FROM THE STUDIO
Hymn. ' 'All Ye Who Seek a Comfort Sure '
(English Hymnal, No. 71)
Religious Address by the Rev. Thomas NIGHTIN
GALE (Secretary of the Free Church Council)
Hymn, ' Glory to Thee, My God, This Night '
(English Hymnal, No. 267)
THE STATION ORCHESTRA, conducted by JOSEPH LEWIS
Overture to ' Fidelio '
BEETHOVEN wrote four Overtures for his solitary Opera, Fidelio. Three of them are known by the name of the heroine, Leonora, and are numbered for identification purposes. I, 2, and 3. Only the last of the four is called by the Opera's title. It is simpler and of somewhat smaller scope than the three Leonoras.
The Introduction has two themes, an opening lively one, and a continuing slow, sad one. The quick section returns, and then there is another slow portion.
After this we come to the body of the Overture, which has a First Main Tune built upon the opening phrases of the Introduction.
A gentler Second Main Tune then appears, and both these subjects are developed very briefly, and duly recapitulated. Afterwards we have another slow section bringing in again the sad theme of the Introduction, and a triumphant Coda, typifying the happy re-union of husband and wife at the end of the Opera.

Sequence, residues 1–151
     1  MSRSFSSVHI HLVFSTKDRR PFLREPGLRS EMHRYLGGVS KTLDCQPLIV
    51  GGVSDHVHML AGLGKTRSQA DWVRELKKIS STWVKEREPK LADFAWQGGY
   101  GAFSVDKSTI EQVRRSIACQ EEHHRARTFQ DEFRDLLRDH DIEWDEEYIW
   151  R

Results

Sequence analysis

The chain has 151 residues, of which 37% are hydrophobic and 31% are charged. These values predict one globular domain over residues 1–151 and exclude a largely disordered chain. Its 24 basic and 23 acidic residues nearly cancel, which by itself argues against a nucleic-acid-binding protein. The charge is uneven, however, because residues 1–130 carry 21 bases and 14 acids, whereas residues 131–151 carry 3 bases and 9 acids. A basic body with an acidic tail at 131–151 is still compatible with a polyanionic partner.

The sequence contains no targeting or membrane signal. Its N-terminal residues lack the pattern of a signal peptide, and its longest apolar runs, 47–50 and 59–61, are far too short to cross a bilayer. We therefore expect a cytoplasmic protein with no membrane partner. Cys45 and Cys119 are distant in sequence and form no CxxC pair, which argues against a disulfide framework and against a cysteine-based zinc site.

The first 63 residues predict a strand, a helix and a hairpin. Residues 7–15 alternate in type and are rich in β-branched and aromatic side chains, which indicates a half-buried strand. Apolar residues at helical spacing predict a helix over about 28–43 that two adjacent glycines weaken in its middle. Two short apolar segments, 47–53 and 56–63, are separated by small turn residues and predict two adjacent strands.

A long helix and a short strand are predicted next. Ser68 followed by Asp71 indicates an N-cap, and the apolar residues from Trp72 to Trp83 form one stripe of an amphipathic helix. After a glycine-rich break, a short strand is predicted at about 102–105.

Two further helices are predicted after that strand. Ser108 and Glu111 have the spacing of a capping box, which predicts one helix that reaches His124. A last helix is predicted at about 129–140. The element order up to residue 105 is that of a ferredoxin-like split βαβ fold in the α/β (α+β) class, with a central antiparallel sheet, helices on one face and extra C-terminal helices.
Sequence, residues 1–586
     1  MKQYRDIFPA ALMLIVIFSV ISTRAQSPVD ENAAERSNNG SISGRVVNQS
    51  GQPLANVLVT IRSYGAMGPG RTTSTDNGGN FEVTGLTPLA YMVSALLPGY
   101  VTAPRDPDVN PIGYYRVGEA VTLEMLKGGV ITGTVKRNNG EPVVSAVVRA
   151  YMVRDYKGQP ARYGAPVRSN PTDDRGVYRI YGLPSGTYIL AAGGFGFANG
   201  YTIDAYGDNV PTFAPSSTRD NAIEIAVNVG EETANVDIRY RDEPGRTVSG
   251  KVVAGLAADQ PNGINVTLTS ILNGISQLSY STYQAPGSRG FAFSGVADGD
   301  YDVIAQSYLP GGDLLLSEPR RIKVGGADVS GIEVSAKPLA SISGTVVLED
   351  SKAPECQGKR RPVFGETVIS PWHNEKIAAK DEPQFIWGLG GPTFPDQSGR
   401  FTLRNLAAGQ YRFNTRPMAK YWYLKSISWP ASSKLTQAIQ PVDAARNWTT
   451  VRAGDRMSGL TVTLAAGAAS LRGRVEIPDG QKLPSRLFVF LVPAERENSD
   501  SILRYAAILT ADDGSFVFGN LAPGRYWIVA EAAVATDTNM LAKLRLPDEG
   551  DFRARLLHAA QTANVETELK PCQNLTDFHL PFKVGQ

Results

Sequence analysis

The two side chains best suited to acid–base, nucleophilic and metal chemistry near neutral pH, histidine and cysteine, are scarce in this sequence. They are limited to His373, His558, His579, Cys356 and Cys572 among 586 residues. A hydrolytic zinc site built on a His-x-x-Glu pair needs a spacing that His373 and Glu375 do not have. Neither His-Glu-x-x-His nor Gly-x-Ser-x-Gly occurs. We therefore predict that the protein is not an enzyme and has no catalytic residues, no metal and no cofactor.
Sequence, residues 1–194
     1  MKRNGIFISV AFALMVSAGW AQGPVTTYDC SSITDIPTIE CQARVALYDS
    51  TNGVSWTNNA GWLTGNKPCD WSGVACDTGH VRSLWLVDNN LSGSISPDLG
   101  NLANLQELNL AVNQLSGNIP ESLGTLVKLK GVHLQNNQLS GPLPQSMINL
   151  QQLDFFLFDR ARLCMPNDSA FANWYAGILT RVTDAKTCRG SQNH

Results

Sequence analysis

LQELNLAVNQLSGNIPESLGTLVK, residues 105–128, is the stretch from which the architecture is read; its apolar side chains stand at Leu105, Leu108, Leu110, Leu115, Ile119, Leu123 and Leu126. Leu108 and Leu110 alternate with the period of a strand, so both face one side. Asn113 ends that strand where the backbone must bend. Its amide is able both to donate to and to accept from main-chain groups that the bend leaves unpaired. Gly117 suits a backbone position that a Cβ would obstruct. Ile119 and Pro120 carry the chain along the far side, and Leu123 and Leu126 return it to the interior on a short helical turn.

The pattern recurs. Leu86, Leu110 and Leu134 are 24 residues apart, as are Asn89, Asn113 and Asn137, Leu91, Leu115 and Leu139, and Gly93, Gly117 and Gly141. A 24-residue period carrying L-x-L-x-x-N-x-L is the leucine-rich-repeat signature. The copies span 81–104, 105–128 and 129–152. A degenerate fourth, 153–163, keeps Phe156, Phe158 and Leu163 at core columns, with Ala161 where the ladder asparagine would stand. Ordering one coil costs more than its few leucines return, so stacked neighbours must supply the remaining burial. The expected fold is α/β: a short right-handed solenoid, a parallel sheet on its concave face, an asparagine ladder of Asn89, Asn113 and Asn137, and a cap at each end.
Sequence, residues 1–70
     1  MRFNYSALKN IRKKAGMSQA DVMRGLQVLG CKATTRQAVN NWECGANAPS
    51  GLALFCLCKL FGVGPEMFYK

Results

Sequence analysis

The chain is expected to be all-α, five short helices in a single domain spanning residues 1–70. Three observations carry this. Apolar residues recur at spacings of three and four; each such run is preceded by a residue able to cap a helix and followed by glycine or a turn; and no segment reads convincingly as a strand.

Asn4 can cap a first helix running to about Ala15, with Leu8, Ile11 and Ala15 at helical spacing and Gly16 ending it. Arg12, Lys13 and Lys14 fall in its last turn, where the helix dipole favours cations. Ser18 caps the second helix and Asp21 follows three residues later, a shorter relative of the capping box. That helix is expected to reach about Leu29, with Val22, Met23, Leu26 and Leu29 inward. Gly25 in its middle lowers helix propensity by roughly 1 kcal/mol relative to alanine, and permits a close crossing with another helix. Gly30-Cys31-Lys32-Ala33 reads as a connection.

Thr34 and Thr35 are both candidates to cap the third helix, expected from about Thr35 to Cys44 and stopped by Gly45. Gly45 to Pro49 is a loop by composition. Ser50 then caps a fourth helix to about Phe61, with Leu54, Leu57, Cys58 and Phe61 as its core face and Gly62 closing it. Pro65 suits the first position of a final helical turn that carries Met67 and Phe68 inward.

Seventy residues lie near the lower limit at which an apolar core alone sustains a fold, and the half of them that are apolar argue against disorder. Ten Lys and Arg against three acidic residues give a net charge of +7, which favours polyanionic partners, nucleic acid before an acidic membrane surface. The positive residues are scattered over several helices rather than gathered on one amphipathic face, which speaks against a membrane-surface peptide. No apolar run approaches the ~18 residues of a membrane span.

NIGEL DALLAWAY (Pianoforte) and Orchestra
Fifth Concerto (' The Emperor')
' EMPEROR' is a title bestowed on this work, not by Beethoven, but by the rest of the world, as a tribute of admiration for its splendours. It is one of the most spacious utterances of the epic poet in Beethoven. The three great preluding chords at the beginning are like the solemn opening of doors to the temple of sound.
There are three Movements. The First is long and of heroic cast in its tunes and in its fine rhetorical periods. The Second is quiet and suggestive of things celestial. The Third is an expression of joy, with many buoyant tunes and rhythms.
HAROLD HOWES (Baritone)
Selections from the Incidental Music to ' Egmont,'
BEETHOVEN'S fine Overture to Goethe's drama, Egmont, is often played, the incidental pieces less frequently. These consist of four entr'actes, two songs, and three other portions, entitled respectively Cldrchen's Death, Melodrama and Triumph Symphony (this last being reproduced in the Coda of the Overture).